Chronic illness is strange and upsetting, because over time the illness becomes your perspective of the world. Your body, your mind is incapable of resolving it, and so you slowly and unconsciously start to incorporate it into your worldview, as a way that you survive it. It becomes a very strange experience, because you’re no longer just looking at the world from the perspective of whatever you grew up with as a child, or whatever you currently believe in: beneath all of that there’s always this illness, the pain, the discomfort, the other issues that come up, all of which begin to define your worldview and the way that you interact your life and the world around you.
For example: if you have some issue where you have to go to the bathroom really often, then your world becomes confined to that world of always having a bathroom near enough. If you’re not comfortable with public restrooms it becomes even narrower, and then whatever else may come up around that starts to become a part of your perspective, your view of how your world must work to be comfortable and capable of taking care of yourself and your needs. On top of that there are the foods that support or don’t support you, the activities that cause more or less discomfort, the people and necessary interactions you may deal with on a daily basis…and the hardest part is the lack of understanding from people who see your narrow view as totally superfluous or weak or annoying to their lives.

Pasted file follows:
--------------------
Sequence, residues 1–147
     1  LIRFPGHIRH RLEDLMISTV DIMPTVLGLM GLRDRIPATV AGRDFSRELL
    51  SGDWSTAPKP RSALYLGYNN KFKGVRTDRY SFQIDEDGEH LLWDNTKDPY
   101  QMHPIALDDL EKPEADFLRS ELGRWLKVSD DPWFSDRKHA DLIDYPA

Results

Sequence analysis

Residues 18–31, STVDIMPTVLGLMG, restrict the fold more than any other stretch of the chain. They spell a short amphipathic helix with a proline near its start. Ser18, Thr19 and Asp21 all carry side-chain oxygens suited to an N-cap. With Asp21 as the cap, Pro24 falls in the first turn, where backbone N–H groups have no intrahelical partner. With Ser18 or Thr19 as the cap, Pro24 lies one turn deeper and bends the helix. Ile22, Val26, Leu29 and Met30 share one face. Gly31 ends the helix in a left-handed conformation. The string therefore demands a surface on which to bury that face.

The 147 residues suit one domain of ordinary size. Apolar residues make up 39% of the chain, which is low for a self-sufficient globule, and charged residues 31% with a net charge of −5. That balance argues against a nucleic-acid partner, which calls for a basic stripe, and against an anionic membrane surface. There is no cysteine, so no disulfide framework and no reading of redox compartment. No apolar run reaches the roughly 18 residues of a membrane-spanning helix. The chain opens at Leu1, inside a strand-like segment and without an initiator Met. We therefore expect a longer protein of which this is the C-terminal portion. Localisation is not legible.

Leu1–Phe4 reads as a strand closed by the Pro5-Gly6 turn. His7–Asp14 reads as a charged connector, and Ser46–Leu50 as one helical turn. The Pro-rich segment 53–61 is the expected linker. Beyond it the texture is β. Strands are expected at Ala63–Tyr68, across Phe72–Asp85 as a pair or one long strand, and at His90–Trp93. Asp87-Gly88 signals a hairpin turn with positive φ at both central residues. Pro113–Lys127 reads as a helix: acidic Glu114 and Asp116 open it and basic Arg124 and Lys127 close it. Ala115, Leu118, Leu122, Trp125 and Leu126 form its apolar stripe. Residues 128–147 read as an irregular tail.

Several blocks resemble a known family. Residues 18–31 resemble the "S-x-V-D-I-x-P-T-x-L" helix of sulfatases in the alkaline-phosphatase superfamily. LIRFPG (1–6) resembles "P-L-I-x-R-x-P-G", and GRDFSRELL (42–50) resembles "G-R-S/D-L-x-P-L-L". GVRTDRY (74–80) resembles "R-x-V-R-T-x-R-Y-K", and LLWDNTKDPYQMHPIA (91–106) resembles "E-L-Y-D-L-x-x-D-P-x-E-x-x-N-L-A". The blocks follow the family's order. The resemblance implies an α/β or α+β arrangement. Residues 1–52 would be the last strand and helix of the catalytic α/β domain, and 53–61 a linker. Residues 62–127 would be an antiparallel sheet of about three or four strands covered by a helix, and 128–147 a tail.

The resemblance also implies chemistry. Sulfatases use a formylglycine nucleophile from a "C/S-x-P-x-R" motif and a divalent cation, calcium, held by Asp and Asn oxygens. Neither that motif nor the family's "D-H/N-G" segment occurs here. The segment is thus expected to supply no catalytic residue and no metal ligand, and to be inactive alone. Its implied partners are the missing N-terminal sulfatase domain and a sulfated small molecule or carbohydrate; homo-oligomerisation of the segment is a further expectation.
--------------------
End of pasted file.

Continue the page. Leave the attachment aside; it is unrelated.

It all comes back to the sense of a narrowing of your view of the world: what you’re capable of, what you need, who you talk do, whether or not you have the energy to do things you enjoy, things that are fun or exciting, things that make your life worth living. And this shift in how you view the world may be something you are conscious of and able to track, making it a real nightmare to see the slow degradation of your quality of life, or it may be something that you’re not consciously aware of, or even, given the length of the chronic illness, necessarily able to deal with or perceive in a different way – because sometimes it’s so subtle and so all-encompassing that the brainfog, the fatigue, the pain, the confusion just becomes the only way that you can see the world, and you can’t really remember what it was like before the illness.
So you’re just living in it. And that’s the world that you have. And you start to wonder “Was there ever a world before this? And, if there was, how do I get to that?” Or if you really, really accept “Okay, this is the world I live in now.” What do you do with it? If it’s still something that’s frustrating, that’s noticeable on the level that something just feel’s off, wrong in your life. That you still want to do something. You still want to somehow work with it, and find some way to feel better and make the world feel more real, more solid, more alive. Therapy can’t necessarily help cure a chronic medical disease, but it can help bring you back to your self, help you to find your way to internal resources you may have lost or forgotten were available. The wide range of symptoms that come with any chronic/lasting illness can make us doubt our own sanity, and doubt that there is health or happiness to be had; however, it is my strong belief that there is profound sanity and wellbeing that can be discovered even in the midst of the most traumatizing, stressful, and enduring of life experiences. Illness can be overwhelming, but it is less so when you can travel that path together with someone and you can explore the impacts your disease has had on your life, your relationships, and the people and things you love in your life.